Greetings, veggie lovers (and aspiring veggie lovers)! I'm back from a lengthy blogging break, but it hasn't all been for naught: I've been training in the off season.
Specifically, I spent some time sprucing up my health—and my cooking skills—at the lovely TrueNorth Health Center in Santa Rosa, CA. There, the menu is plant-based, veggies abound, and everything served is free of added salt, oil, and sugar (SOS), yet is flavorful and delicious. (Seriously.)
Now, I'm a fan of food so healthy it practically goes to the gym for you, but only if it tastes great. So I did my darnedest to learn to make it, not only by attending TrueNorth's lectures and cooking demos, but also by liberally sampling Executive Chef Ramses Bravo's tasty culinary offerings. (Anything for the greater good!)
When I got home, I couldn't wait to try my hand at this new way of cooking. So I got right down to it.
From new recipes to revamped versions of old favorites, my table has overflowed with color, flavor, and verve. I made Chef Bravo's kicky Hawaiian Salad with crunchy cabbage, fresh cilantro, punchy ginger, mango, jicama, and toasted macadamia nuts. I made my first lentil loaf, replete with rubbed sage and fresh thyme, and smothered it in thick, savory mushroom gravy. I steamed artichokes with lemon wedges and bay leaves, then savored them petal by petal. I couldn't believe what I'd been missing!
Less SOS—More Flavor
Apparently, I'd often been substituting salt for flavor (à la pretzels) and thus had been missing out on a lot of zip and zing (those are the scientific terms, I believe). Not that a pinch of salt doesn't have its place, but it's no substitute for the sheer delight of an unexpected taste combination, like the sweet-tart bite of a juicy orange and crunch of celery enlivening the mellowness of golden beets.
So from now on, I'll be focusing on the complex flavors of whole, unprocessed foods while minimizing the SOS distractions. We'll see how it goes!
An Updated Favorite
In keeping with the theme of allowing natural flavors to shine through, I'd like to share an old standby of mine that I've given a fresh update: sauteed Swiss chard with raisins and pine nuts.
I've been making it for years, having clipped the original recipe from one of those women's magazines—I can't remember the exact one—sold in the grocery checkout line. (You know the ones I'm talking about, though—they have headlines like "Lose 30 Pounds in 5 Days!!!" right next to "Your Richest Red Velvet Cake EVER." 'Nuff said.)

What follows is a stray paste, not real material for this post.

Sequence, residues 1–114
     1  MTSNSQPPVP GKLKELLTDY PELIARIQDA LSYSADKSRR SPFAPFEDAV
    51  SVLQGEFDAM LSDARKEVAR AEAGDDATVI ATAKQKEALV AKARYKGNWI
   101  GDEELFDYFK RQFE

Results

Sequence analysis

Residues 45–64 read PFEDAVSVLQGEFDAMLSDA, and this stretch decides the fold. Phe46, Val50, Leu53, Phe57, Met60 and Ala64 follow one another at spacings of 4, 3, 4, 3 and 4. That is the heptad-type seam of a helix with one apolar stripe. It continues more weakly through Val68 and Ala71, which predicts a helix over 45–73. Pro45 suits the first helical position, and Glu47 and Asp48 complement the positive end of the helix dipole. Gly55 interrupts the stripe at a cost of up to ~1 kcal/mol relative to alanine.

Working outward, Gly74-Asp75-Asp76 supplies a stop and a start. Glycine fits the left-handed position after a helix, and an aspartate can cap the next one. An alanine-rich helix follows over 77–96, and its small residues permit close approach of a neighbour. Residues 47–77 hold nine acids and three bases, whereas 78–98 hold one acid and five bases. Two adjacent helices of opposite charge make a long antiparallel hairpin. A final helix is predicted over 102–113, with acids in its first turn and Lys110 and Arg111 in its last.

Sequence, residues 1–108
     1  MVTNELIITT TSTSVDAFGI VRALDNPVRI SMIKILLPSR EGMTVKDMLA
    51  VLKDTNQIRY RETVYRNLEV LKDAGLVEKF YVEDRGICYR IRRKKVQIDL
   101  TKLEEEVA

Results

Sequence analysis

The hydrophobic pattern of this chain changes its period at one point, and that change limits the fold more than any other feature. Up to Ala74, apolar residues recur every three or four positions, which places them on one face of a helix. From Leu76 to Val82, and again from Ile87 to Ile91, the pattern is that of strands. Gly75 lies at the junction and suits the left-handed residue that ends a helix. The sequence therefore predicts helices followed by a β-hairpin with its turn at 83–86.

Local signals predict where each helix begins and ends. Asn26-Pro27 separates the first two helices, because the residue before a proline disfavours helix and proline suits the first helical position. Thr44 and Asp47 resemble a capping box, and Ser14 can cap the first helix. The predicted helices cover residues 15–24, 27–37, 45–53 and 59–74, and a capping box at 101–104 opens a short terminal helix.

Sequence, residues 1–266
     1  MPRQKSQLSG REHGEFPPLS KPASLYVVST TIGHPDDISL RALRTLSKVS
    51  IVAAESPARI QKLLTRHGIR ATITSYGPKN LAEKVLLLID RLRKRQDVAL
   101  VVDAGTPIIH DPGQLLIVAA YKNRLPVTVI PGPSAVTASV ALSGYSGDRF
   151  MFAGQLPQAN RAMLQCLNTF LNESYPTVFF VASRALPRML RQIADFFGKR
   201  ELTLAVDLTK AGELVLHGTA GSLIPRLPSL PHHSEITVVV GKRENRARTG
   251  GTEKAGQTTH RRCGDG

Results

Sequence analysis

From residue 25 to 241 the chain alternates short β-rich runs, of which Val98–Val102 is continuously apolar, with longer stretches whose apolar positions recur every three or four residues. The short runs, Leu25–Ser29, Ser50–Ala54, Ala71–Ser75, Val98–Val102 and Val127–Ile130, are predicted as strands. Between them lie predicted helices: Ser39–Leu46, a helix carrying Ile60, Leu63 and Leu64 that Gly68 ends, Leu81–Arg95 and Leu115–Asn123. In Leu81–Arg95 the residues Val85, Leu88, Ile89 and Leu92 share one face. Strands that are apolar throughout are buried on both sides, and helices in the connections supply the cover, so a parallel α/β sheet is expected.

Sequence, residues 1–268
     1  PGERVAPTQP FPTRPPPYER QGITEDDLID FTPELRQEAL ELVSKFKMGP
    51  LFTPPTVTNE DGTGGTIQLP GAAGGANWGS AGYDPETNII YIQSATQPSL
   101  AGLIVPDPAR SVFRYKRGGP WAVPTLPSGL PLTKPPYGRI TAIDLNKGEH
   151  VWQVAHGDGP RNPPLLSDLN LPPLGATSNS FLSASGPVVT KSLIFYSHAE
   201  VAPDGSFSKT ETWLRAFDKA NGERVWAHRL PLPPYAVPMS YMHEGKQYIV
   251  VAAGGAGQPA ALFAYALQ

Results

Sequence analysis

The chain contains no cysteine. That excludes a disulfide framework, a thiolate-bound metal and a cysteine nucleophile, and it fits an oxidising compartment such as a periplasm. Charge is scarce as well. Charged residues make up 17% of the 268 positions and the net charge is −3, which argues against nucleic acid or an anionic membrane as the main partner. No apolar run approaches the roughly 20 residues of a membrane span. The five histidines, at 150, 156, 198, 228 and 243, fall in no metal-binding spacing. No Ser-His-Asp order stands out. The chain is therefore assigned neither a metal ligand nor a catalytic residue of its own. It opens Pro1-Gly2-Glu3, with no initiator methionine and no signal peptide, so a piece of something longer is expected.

Anyhow, while the original recipe is excellent, I nixed the oil and salt, because Swiss chard is naturally salty and pine nuts add plenty of richness (along with goodies like manganese and vitamin K). Then I played with some cooking techniques and proportions. The result? Every bit as good as the original—if not better. Bon appetit!
Sauteed Swiss Chard with Raisins and Pine Nuts
Served over brown rice or quinoa, this chard is a meal unto itself. Dry sauteing (pan roasting) the onions first gives them lovely color and a hint of caramel flavor.
Prep time: 30 min Serves: 4
3 Tbsp pine nuts (optional--see note)
2 small yellow onions, sliced into half rings (¼-inch thick)
2 bunches Swiss chard (~1 lb total), stems trimmed into 1-inch pieces, leaves halved lengthwise and cut into 1-inch ribbons
1 tsp all-purpose seasoning (I like Mrs. Dash)
¼ tsp dried thyme
½ c salt-free vegetable broth or water
½ c golden raisins
Heat a large skillet or pot over medium-low. Add pine nuts and toast, stirring constantly, for 3 minutes, or until lightly brown and fragrant. Remove from pan and set aside.
|Toasting pine nuts is like minding a new puppy--don't turn your back for a second. Whoops!|
Return pan to stove and allow to reheat until water dripped in the pan dances. Add onions to dry pan. Cook uncovered, stirring frequently, for 7-8 minutes, until onions are lightly browned and beginning to soften.
Add Swiss chard, all-purpose seasoning, thyme, and broth. (You may have to smush the Swiss chard a bit to make it all fit.)
Remove lid, stir in raisins, and cook another 2 minutes.
Serve topped with toasted pine nuts.
Note: Feel free to swap sliced almonds for pricey pine nuts; simply decrease toasting time. If you're watching your fat intake, omit pine nuts entirely.
Nutrition Info (¼ of recipe): 125 calories, 33 calories from fat, 4g total fat, 0g saturated fat, 0mg cholesterol, 242mg sodium, 650mg potassium, 23g carbohydrates, 3g fiber, 14g sugar, 4g protein
Calorie ratio: 66% calories from carbohydrates, 26% calories from fat, 8% calories from protein
(Without pine nuts: 90 calories; 88% calories from carbohydrates, 3% calories from fat, 9% calories from protein)
Are you cutting back on salt, oil, and/or sugar? I'd love to hear how it's going for you!